The Rise of Fantasy Politics

What we have here—to borrow a line from the old movie "Cool Hand Luke" is a failure to communicate. By all rights, we should be having a fierce debate over the role of government. What should it do, for whom and why? What works? What can we afford? Who should pay? These questions would suggest a campaign that seriously engages the future, but instead and not surprisingly, we have a bidding war between candidates to see who can promise the most appealing package of new spending programs and tax cuts.

As we watch the conventions, we should recognize that we've entered an era of fantasy politics. Like fantasy football and baseball, fantasy politics is an exercise in make-believe that is intended to keep its players occupied and to make the winners feel good. Barack Obama and John McCain emit pleasing slogans and programs that, as often as not, are disconnected from the country's actual problems. But unlike fantasy sports, fantasy politics has lasting consequences. Winners must govern and, after creating unrealistic expectations, have a hard time doing so.

Last week, I viewed "I.O.U.S.A.," an 87-minute documentary exploring the grim budget outlook. It is unbalanced budgets that, in many ways, define the political deadlock. The persistence of deficits over so many years (42 of the past 47) can have only one basic cause. Politicians of both parties and the public prefer spending to taxing. As everyone knows, the disconnect will worsen, because aging baby boomers will bloat outlays for Social Security, Medicare and Medicaid. These programs already total nearly two fifths of the $2.9 trillion federal spending in 2008.

The documentary's sponsors hope that it will arouse public opinion on budget issues in the same way that "An Inconvenient Truth" did on global warming. Maybe it will, but I'm skeptical. It's not just that melting icebergs are more compelling images than charts of mounting government debt. The mismatch between the government's existing spending commitments and the present tax base is so great that we cannot just tinker a little with government. The required correctives are politically arduous. By 2030, federal taxes could rise 50 percent if all spending programs are kept on automatic pilot, notes Andrew Yarrow in his book "Forgive Us Our Debts."

That would be, I think, an unconscionable burden on workers (the main taxpayers) and a huge threat to the economy. Over the years, I've suggested changes to minimize these dangers. Eligibility ages for Social Security and Medicare should gradually rise to 70; people now live longer and should work longer. Medicare premiums for middle-income and richer retirees should increase; the young shouldn't bear most of the expense of growing health costs. Government programs that have outlived their usefulness or are wasteful should end: farm subsidies and Amtrak, for instance. More possibilities are discussed in the useful book "Where Does the Money Go?" by Scott Bittle and Jean Johnson of Public Agenda.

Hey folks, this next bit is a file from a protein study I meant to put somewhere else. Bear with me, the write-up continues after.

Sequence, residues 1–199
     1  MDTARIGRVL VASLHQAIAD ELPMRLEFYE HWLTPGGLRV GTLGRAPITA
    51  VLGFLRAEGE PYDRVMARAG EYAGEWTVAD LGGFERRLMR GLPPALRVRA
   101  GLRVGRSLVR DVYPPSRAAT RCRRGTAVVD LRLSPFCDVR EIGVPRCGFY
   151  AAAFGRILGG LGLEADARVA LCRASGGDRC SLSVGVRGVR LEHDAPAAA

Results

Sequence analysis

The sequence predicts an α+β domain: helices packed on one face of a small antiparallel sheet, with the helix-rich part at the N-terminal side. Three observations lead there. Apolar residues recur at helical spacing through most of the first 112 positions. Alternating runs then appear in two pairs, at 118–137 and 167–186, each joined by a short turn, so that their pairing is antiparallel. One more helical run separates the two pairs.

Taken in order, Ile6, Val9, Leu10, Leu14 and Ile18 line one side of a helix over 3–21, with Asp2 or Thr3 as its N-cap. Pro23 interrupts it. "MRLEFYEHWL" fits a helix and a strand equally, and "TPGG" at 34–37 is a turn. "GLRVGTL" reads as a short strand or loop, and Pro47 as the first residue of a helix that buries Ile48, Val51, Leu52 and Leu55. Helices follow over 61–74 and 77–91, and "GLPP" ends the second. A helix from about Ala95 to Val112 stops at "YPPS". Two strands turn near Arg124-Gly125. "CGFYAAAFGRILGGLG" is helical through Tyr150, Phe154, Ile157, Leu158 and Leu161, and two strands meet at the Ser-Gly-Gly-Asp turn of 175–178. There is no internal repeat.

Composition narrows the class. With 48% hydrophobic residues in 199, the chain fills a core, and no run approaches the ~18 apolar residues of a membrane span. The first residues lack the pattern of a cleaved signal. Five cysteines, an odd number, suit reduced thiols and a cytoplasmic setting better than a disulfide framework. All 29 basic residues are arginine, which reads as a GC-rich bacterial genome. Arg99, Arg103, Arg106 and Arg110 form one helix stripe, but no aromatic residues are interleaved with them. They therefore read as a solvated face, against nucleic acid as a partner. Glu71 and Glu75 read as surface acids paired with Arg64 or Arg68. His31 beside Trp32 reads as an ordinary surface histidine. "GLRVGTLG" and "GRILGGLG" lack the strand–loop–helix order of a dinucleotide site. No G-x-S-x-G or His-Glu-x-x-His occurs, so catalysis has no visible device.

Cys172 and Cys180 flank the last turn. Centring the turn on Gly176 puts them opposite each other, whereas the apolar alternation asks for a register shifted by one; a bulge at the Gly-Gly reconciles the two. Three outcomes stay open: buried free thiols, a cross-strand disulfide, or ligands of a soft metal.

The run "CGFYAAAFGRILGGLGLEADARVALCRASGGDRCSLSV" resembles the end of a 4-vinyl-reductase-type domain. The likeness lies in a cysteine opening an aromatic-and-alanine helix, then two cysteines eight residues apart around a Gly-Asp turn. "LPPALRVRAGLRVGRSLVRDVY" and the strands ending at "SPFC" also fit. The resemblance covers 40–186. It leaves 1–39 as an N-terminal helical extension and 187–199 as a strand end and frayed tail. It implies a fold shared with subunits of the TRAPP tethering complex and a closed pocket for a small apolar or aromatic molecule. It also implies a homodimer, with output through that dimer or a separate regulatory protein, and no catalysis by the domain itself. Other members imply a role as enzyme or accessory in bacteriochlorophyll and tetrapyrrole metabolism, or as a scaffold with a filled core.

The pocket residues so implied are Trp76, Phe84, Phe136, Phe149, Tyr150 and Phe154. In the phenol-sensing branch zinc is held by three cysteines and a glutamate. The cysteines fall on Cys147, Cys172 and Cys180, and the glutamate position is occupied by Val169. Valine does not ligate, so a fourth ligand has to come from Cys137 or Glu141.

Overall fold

But "I.O.U.S.A." barely mentions choices and solutions. It provides no moral or political framework for reconciling the public's appetite for open-ended spending and its desire for limited—or declining—taxes. What should we keep, modify or discard? Why? Ideally, of course, our political leaders would assume the task of teaching, choosing and persuading. Unfortunately, they are conspicuously delinquent.

The most exhaustive examination of the McCain and Obama budget proposals I've found comes from the Tax Policy Center, sponsored jointly by the Urban Institute and the Brookings Institution. It's discouraging reading. Though details differ, neither plan would realistically limit spending or eliminate deficits. This is especially true when the Obama and McCain health proposals are considered. Both would cost far more than $1 trillion over a decade, says the Tax Policy Center.

Obama and McCain have each embraced symbolic gestures that falsely suggest they've made tough choices. Democrats blame deficits on Bush's tax cuts for the rich and the Iraq War. OK, let's whack the rich. Obama would restore the 36 percent and 39.6 percent income-tax rates for couples with taxable incomes above $200,300 and $357,700. He's suggested higher capital-gains taxes and Social Security taxes for those with incomes exceeding $250,000. Together, these changes might generate about $80 billion of revenue in 2010, says the Tax Policy Center. By contrast, the 2008 budget deficit is reckoned at $389 billion. Even adding a $125 billion saving on the Iraq War—highly optimistic—wouldn't erase the deficit.

McCain denounces wasteful spending, citing congressional "earmarks." These are projects usually designated by individual members of Congress for their districts. OK, let's scrub them all. In 2008, earmarks numbered 11,610 and cost $17.2 billion, estimates Citizens Against Government Waste. That's less than 1 percent of federal spending.

Elections serve, in civics textbooks, to reach collective decisions about the future. The real world is different. Many campaign proposals are so unrealistic or undesirable that they may never be enacted. McCain would cut taxes again for the rich. Is that needed or likely? No. Obama would actually keep most of Bush's tax cuts and divert the increases from the rich to more special tax breaks for homeowners, college students, workers and retirees, among others—further clutter in an already complex tax system.

All this makes sense only as fantasy politics. Proposals and agendas aren't necessarily intended to be adopted. They're selected to win applause and please voting blocs—just as quarterbacks, in fantasy football, are selected for their accuracy. Meanwhile, the country's actual problems often suffer from inattention, because they pose disagreeable choices. Why run a bum play? In November, one candidate or the other will win this game. But the country as a whole may lose.